Saturday, November 22, 2008

Piedra River Trail

We took a trip to Pagosa Springs. This picture is from our hike along the Piedra River Trail. After this, we soaked in the hot springs and had a tasty mocha latte at a cafe and gallery owned by a really nice couple.

UPDATE: If you're in Pagosa Springs, make sure you stop by The Quaking Aspen for some organic foods and some cool photography.

Friday, November 21, 2008


It may look like a dangerous thorny plant but it's just the balusters on our deck, covered in a wicked frost.

Thursday, November 20, 2008

How does anyone ever learn to read this language?

As I've mentioned before, I work with the Children's Literacy Center, tutoring and acting as a site coordinator. It's fulfilling helping the kids, and they really enjoy it.

What I don't understand is how the heck anyone ever learns to read the English language. There are no hard and fast rules. Really. There's "i before e, except after c or when it sound like a, as in neighbor and weigh." But what about height and weird? And one the kids taught me: "When two vowels go walking, the first one does the talking -- like in ceiling or quiet. Oops. Guess that one doesn't follow the rules either. (Hey! There's another one right there.) When a kid is struggling with a word, you can't always tell him to sound it out. Think about sounding out the word "phone" or "one." Then you see words with "gh" in them, like "through" (makes the "oo" sound), "though" (makes the long "o" sound) and "cough" (makes an "awf" sound) and things just spiral into insanity.

Luckily kids are really smart and really resilient, so they take this in stride. They trust us when we tell them that's just how it is. They work hard to remember the rules and don't get too frustrated by the "naughty words" that don't follow the rules -- or any rule at all. Seriously, look at "two." What kind of word is that?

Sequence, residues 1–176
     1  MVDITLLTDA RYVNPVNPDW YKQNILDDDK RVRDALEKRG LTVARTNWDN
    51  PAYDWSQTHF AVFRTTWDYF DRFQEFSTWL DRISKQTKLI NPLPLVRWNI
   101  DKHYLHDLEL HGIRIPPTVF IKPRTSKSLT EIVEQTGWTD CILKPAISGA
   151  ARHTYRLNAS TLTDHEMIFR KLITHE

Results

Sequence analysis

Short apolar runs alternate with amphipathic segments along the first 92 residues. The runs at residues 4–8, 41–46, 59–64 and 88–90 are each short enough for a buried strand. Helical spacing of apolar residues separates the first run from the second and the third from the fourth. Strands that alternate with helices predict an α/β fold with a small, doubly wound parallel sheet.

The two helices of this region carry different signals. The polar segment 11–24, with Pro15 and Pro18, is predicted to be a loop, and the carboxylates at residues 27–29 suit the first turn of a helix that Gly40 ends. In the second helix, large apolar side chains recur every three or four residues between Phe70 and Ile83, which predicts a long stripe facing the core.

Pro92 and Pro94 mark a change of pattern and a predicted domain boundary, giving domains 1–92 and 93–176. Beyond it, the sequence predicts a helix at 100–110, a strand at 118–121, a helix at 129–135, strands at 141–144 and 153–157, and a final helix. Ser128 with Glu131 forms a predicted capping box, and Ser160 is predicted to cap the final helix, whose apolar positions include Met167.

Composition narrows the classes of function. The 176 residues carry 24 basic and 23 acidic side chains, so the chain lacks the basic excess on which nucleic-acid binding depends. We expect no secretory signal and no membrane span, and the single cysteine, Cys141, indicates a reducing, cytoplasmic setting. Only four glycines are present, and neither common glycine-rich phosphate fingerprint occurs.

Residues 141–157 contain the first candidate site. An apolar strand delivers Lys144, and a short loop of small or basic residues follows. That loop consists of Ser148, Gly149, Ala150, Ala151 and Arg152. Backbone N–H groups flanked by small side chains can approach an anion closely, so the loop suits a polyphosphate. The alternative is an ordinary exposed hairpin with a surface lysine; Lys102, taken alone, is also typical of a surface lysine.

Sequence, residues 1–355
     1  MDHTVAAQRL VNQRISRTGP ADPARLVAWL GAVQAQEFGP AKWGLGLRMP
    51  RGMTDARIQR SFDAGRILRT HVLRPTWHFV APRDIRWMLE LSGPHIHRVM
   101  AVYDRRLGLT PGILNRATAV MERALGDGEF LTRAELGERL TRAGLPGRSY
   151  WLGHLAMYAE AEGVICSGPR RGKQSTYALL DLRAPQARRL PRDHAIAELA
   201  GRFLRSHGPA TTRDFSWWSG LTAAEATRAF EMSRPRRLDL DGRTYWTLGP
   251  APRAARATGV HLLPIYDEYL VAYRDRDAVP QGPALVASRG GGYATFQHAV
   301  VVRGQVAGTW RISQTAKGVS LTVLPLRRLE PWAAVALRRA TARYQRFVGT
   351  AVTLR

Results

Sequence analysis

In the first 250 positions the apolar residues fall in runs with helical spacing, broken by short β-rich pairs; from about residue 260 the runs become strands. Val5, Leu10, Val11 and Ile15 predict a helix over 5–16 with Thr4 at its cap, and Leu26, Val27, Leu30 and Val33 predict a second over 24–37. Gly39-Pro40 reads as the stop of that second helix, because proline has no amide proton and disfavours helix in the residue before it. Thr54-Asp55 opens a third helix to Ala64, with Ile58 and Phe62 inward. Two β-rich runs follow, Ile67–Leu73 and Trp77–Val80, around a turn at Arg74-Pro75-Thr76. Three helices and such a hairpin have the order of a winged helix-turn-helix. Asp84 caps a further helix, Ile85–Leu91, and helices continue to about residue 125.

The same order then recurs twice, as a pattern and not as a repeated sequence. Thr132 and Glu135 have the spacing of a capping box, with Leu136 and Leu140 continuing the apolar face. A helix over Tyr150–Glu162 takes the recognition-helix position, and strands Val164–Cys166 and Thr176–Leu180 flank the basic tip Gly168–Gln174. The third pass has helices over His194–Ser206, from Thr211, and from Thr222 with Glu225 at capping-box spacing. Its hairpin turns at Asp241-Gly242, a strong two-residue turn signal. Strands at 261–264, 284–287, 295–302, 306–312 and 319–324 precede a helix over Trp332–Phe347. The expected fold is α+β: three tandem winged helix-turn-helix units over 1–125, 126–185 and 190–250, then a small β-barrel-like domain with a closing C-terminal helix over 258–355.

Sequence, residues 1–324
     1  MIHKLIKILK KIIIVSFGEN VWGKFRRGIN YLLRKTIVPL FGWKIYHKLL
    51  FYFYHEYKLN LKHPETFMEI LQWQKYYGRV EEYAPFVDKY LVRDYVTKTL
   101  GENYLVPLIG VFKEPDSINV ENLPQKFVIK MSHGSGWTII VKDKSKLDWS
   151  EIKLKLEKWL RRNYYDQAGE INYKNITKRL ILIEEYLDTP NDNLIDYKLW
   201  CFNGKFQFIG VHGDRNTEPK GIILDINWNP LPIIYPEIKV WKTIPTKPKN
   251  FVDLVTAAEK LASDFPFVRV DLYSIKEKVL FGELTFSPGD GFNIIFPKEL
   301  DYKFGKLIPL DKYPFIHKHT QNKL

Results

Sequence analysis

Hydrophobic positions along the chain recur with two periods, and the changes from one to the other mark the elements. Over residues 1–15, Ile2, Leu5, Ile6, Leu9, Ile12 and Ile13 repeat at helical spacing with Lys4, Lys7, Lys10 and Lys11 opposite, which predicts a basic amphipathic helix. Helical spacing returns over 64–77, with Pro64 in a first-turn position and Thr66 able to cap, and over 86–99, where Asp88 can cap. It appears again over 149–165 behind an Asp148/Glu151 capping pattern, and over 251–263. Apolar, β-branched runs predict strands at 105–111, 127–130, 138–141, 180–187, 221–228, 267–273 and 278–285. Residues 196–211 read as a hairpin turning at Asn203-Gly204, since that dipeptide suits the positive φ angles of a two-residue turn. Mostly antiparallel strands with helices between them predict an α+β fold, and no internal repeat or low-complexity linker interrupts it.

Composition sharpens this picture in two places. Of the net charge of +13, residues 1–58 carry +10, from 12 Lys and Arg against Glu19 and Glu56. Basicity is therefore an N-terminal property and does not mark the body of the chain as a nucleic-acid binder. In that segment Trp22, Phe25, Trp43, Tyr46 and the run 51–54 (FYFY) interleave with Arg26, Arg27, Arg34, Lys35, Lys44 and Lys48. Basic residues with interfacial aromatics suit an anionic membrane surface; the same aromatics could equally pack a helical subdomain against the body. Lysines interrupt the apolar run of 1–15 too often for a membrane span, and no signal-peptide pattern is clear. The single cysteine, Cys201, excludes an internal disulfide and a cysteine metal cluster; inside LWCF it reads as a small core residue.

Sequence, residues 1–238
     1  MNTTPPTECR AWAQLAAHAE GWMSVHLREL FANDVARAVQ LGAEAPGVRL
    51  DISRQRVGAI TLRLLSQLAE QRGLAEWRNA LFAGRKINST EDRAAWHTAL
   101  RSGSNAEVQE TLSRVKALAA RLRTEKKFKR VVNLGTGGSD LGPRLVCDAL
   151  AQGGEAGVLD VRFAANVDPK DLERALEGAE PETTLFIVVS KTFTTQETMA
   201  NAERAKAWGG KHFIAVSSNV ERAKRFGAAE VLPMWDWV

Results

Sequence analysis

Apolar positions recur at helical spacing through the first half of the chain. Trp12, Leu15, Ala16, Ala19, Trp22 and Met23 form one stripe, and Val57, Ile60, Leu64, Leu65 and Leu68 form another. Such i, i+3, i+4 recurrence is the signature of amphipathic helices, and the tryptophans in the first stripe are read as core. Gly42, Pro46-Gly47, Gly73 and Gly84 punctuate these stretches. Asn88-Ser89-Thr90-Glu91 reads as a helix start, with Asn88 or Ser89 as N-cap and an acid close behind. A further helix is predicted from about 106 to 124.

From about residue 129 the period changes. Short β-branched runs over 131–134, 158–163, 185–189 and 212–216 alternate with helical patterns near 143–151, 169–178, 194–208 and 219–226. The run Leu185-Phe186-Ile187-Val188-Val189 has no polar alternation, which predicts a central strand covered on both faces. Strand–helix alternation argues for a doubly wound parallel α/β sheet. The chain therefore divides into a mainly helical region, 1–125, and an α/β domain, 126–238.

Here's an interesting factoid for you today:
Studies have shown the relationship between language development in early childhood and later success in reading. Parents and other family members have great influence on a child’s development of language and other pre-literacy skills.

Wednesday, November 19, 2008

No pain, no gain

We've all heard the slogan no pain, no gain. I always subscribed to the idea of no pain, no pain. I worked out. I just never believed I had to hurt in order to be in shape. When I did wind up with sore muscles, I knew not to push myself quite so hard next time. I think it worked for me. Granted I've never really been buff, but I'd like to think I look OK.

But now, I've gone and done it. In taking up running, I have caused myself pain in the name of fitness. I know there's a difference between muscle pain and joint pain. I've experienced both. I know to stretch and work through the achy muscles and to rest and rehab achy joints. But this latest pain is worse than achy muscles or sore joints, and it's not something I can really work through.

I have a blister on the arch of my foot! I didn't realize my sock had bunched up there. And I must have been in the zone, because I didn't feel it until walking around later. And I could sure feel it today when I ran. I'm not going to let it stop me. If Tiger Woods could win the U.S. Open with a broken leg, surely I can run with a little blister. I mean, sure, he had to play one of the toughest games of his life, and I just have to get through a non-competitive 5k. But, yeah, they're comparable.